… the wonderful new statue of George Orwell at the BBC.

In lieu of a pilgrimage to it, she will read for the hundredth time, laughing again all the way through, “Down and Out in Paris and London.”


It seems to be an open question whether that very weight — the strain and tedium and approximation of everyday existence — was a hindrance to Orwell or an assistance. He himself seems to have thought that the exigencies of poverty, ill health, and overwork were degrading him from being the serious writer he might have been and had reduced him to the status of a drudge and pamphleteer. Reading through these meticulous and occasionally laborious jottings, however, one cannot help but be struck by the degree to which he became, in Henry James’s words, one of those upon whom nothing was lost. By declining to lie, even as far as possible to himself, and by his determination to seek elusive but verifiable truth, he showed how much can be accomplished by an individual who unites the qualities of intellectual honesty and moral courage. And, permanently tempted though he was by cynicism and despair, Orwell also believed in the latent possession of these faculties by those we sometimes have the nerve to call “ordinary people.” Here, then, is some of the unpromising bedrock — hardscrabble soil in Scotland, gritty coal mines in Yorkshire, desert landscapes in Africa, soul-less slums and bureaucratic offices — combined with the richer soil and loam of ever renewing nature, and that tiny, irreducible core of the human personality that somehow manages to put up a resistance to deceit and coercion. Out of the endless attrition between them can come such hope as we may reasonably claim to possess.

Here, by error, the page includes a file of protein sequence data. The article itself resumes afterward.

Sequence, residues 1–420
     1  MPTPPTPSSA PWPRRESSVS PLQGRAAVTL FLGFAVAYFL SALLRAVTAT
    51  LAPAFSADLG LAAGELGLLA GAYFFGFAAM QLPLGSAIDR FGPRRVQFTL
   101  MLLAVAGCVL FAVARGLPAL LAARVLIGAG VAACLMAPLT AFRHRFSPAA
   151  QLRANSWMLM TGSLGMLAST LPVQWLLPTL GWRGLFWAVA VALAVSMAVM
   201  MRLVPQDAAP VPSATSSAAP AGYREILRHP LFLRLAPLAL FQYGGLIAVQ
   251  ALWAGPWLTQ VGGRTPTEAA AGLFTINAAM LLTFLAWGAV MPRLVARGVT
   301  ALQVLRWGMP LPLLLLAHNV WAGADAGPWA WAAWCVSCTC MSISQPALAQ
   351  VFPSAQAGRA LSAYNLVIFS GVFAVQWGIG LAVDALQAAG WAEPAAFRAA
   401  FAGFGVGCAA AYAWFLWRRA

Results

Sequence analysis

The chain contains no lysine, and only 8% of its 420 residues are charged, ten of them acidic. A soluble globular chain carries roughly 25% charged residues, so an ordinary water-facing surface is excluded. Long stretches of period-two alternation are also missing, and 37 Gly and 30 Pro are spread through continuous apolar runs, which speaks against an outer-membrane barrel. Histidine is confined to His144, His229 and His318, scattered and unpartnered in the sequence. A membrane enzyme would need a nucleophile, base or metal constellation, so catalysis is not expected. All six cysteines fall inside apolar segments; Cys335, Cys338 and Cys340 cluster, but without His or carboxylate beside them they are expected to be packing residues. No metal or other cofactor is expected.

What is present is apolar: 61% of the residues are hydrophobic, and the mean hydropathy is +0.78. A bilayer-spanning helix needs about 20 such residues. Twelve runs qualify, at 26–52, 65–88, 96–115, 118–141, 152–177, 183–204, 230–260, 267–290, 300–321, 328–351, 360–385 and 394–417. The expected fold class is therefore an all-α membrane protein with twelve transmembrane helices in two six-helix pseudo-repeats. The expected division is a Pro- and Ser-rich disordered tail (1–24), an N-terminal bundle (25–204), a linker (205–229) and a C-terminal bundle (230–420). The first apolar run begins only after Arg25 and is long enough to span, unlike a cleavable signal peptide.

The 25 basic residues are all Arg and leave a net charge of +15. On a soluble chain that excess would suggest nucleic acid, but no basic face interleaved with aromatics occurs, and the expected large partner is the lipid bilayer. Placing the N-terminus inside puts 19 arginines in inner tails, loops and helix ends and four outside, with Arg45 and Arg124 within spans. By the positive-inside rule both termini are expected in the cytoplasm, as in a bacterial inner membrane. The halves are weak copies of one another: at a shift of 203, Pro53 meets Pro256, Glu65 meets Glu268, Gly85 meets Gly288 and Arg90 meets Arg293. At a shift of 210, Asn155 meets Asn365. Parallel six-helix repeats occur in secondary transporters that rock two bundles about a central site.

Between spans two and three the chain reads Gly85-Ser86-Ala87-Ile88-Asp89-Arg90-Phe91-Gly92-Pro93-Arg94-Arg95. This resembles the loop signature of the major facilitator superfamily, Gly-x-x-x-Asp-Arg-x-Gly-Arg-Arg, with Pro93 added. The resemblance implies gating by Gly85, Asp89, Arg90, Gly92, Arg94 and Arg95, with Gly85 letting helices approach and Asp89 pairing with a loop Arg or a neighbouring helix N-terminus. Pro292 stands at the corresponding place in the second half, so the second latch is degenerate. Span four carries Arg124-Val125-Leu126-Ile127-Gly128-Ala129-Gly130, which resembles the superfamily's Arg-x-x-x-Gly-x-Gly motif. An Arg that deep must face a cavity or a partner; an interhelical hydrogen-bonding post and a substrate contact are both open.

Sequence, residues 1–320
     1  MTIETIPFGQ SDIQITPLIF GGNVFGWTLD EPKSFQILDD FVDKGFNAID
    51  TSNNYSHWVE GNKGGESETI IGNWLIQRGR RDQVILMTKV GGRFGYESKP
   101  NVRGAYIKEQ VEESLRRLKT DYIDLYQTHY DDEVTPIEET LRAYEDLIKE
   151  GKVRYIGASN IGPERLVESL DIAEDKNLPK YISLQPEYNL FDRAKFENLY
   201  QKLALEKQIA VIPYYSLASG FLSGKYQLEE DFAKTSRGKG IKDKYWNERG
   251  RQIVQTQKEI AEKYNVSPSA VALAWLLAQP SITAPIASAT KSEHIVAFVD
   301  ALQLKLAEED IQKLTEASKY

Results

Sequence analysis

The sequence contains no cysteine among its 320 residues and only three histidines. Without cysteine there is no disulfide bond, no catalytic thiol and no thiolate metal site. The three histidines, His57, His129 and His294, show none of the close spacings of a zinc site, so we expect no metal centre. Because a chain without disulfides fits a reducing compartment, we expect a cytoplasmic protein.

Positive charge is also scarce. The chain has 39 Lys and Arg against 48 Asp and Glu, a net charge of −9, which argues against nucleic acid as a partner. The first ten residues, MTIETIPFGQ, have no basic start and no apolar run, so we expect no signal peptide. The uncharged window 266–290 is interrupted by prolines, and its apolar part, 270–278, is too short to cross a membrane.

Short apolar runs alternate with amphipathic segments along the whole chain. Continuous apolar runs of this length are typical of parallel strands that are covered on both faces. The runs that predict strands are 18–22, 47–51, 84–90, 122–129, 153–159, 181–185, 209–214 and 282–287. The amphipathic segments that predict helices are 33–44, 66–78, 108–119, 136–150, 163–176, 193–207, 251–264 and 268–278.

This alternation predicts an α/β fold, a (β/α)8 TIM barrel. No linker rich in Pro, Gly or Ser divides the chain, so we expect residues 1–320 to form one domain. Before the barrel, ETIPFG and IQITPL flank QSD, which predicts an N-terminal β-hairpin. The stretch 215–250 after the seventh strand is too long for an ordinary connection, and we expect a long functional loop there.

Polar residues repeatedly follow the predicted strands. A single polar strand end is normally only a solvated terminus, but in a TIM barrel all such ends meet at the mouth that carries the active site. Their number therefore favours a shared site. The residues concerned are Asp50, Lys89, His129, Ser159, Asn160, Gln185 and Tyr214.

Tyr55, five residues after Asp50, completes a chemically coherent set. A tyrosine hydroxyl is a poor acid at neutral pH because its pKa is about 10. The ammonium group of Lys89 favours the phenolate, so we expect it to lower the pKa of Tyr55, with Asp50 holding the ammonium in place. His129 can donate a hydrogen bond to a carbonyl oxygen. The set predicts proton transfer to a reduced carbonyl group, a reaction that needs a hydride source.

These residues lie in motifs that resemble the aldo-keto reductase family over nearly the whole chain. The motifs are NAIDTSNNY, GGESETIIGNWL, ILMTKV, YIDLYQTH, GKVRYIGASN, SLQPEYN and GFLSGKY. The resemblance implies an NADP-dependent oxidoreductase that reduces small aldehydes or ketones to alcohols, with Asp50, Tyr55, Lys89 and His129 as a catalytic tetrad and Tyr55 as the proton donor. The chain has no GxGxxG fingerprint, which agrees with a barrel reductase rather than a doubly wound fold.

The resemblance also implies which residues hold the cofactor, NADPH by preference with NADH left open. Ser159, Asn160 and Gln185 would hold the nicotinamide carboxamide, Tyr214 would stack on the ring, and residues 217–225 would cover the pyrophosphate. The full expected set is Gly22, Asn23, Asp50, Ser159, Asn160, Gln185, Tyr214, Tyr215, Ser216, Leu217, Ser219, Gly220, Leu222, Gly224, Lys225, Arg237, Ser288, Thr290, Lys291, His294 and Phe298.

Christopher Hitchens, Introduction to Orwell’s diaries.

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2 Responses to “Color UD Excited About…”

  1. dmf Says:

    Andrew Marr discusses the work of Joseph Conrad with his biographer Maya Jasanoff. Conrad wrote about the underbelly of colonialism, terrorism, immigration and isolation and Jasanoff looks at the turn of the twentieth century through the lens of his life and work. While Conrad’s Nostromo reflected the changing world order with the emerging dominance of the US and global capitalism, the FT columnist Gideon Rachman looks at the decline of the West amidst the growing power of the East, as well as reflecting on Britain’s imperial amnesia. A young George Orwell was also part of the British colonial system in its slow death throes in Burma and the academic Robert Colls explores how these experiences shaped his later work. Ishion Hutchinson has been called a post-colonial poet and his latest collection is haunted by Jamaica’s fractured past.

  2. Margaret Soltan Says:

    dmf: Many thanks for that link. UD

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